One of the most interesting comments to emerge from post-Saddam Iraq, 20 years after the 39-foot bronze statue of the great man was toppled in Firdos Square in Baghdad, came from a hairdresser.
Qaiss al-Sharaa, who watched Iraqis and US Marines pull down the statue on April 9, 2003, right in front of his salon in the Square, told Associated Press that while he doesn’t miss Saddam’s rule he does miss “the rule of the law”.
He said the park that now exists in Firdos Square, funded by private banks, is a measure of post-Saddam Iraq’s problems: “This new garden that replaced Saddam’s represents the widespread corruption in Iraq today, underneath the nice greenery and fountains. Families are too scared to take their kids there, because drug dealers hang out there at night”.
Now it’s hardly unusual that a big city has a problem with drug dealing. And while urban no-go zones are both unpleasant and dangerous, they are not particularly shocking. So it’s important not to read too much into Mr al-Sharaa’s lament on the alleged state of Firdos Square, 20 years after Saddam’s regime (and that statue) were toppled.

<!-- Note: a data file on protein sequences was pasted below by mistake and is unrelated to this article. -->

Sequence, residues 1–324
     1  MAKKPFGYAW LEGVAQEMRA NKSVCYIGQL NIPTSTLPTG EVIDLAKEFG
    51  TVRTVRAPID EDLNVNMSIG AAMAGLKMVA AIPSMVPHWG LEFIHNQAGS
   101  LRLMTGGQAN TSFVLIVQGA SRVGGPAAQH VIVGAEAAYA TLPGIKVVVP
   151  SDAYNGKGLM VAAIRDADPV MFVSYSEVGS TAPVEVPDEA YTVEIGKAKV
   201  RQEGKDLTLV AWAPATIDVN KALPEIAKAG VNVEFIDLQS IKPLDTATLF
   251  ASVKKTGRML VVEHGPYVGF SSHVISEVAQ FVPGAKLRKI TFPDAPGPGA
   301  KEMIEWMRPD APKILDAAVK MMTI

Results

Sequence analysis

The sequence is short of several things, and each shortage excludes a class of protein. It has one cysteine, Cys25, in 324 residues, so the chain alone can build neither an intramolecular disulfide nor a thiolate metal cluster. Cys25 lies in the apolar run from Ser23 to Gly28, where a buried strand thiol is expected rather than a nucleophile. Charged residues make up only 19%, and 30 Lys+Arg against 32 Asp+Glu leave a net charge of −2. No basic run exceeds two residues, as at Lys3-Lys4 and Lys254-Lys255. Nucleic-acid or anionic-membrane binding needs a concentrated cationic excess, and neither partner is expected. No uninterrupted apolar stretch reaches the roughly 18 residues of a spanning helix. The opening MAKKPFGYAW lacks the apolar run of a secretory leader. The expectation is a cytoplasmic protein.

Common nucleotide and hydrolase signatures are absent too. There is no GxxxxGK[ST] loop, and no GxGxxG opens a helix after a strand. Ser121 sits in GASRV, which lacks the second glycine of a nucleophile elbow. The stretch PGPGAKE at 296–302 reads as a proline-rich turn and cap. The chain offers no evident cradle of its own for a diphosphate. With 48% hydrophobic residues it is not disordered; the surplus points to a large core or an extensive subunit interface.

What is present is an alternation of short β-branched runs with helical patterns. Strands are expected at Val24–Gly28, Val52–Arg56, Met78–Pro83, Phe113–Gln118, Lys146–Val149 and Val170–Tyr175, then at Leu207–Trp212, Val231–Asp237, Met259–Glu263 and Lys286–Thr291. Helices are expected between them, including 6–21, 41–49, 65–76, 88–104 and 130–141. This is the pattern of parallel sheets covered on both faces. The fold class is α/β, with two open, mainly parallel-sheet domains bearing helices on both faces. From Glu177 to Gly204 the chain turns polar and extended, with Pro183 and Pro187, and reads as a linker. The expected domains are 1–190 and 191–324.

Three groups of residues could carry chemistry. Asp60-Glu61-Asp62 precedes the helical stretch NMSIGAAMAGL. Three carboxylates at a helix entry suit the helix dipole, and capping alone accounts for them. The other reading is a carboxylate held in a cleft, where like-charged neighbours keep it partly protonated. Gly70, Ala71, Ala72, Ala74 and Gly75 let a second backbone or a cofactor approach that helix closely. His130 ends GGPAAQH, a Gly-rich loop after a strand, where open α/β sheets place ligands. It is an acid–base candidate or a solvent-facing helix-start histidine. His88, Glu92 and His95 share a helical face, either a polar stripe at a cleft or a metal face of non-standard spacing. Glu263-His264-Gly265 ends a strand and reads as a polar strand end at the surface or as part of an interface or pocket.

That said, bringing down the Firdos Square statue was supposed to be a defining moment in the US-led campaign for a new Iraq. Though the statue was just one of many of Saddam, all over Iraq, it stood at a key point in the Iraqi capital – right opposite the hotel occupied by the western media.
Consequently, when the idea of pulling it down came to be mooted, the statue suddenly became the defining symbol of the US-led Operation Iraqi Freedom. In the glorious fury of its toppling was supposed to have been revealed the real agency of the Iraqi people, an oppressed lot who had (so the narrative went) seized the tools generously handed out by the US coalition to rise up and tear down the gilded monuments by which the dictator celebrated himself.
Alex von Tunzelmann’s Guardian piece from July 2021 offers a fascinating blow-by-blow account of how the Firdos Square statue was suddenly toppled that long ago April day, in order to create a made-for-TV moment that sent the world a message.
Then, 20 years on, there is hairdresser Qaiss al-Sharaa’s trenchant comment on the current reality of Firdos Square.